3. Any conduct that causes a reasonable apprehension of injury to a person or to a person with whom he or she has a domestic relationship, or of violence or damage to any person or property.

The definition of intimidation in the legislation is extremely broad. The definition covers almost any type of approach or contact that causes a person to fear for his or her safety.

The problem remains however that, every person’s interpretation of what amounts to intimidation is different.

The definition of intimidation has been considered in a number of higher courts. In the cases of Mahmoud v Sutherland and R v Turnbull (No 5) , it was determined that, for behaviour to amount to intimidation, “it must go beyond rude, offensive and boorish behaviour”.

In determining whether a person’s conduct amounts to intimidation, a court may also have regard to any pattern of violence in the person’s behaviour.

There have been many cases in which police have charged people with intimidation where the alleged behaviour does not in fact amount to intimidation. Our Sydney Criminal Lawyers have successfully defended many intimidation cases on that basis.

 

2- What amounts to Intention?

The second element that the prosecution must prove relates to the intention of the person.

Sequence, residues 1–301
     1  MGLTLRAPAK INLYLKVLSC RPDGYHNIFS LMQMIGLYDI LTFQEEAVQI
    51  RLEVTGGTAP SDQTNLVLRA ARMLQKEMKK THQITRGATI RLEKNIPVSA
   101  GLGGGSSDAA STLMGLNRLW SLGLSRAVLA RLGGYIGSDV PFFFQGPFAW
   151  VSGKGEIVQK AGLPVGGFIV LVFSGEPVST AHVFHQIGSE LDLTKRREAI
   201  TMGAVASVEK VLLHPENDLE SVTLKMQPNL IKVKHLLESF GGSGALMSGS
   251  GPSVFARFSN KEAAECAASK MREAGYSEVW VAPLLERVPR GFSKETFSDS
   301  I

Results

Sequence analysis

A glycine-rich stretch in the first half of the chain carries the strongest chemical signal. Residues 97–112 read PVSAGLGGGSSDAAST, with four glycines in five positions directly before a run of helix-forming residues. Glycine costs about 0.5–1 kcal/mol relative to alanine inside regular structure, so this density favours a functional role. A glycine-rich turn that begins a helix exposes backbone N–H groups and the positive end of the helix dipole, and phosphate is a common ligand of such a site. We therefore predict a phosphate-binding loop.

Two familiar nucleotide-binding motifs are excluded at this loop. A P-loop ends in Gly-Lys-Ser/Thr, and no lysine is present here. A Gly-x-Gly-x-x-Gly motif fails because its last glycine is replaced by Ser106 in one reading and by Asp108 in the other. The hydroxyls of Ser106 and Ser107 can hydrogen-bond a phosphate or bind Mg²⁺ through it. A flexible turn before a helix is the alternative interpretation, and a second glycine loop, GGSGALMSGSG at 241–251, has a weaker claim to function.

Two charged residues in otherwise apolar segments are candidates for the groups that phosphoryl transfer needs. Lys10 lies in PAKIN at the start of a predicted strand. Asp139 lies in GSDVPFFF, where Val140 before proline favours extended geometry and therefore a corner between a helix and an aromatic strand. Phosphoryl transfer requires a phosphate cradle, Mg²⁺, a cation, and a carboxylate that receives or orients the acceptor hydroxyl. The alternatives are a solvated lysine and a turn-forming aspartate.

Intimidation is an offence of ‘specific intent’. This means that the prosecution must also prove that the accused intended to intimidate the victim.

Intent is also defined differently in intimidation cases. Intent will satisfied if the Prosecution can prove that the person knew that their conduct is likely to cause fear in the other person.

The addition of the word “likely” lowers the threshold of intent significantly. For example, if a person yelled at someone in a real aggressive tone. Although they might not have specifically intended on intimidating the person, if they knew that it was likely to intimidate the person, they will be guilty.

The crucial question therefore is, did the accused know that their conduct is “likely” to cause fear in the other person?

There is no straightforward answer to that questions and every case will need to be considered on its own facts and circumstances.

However, in determining that question, one important matter to note is that, although intoxication is not a defence at law in NSW, the Courts have found that intoxication can be taken into account when determining whether the accused knew there conduct is “likely” to intimidate.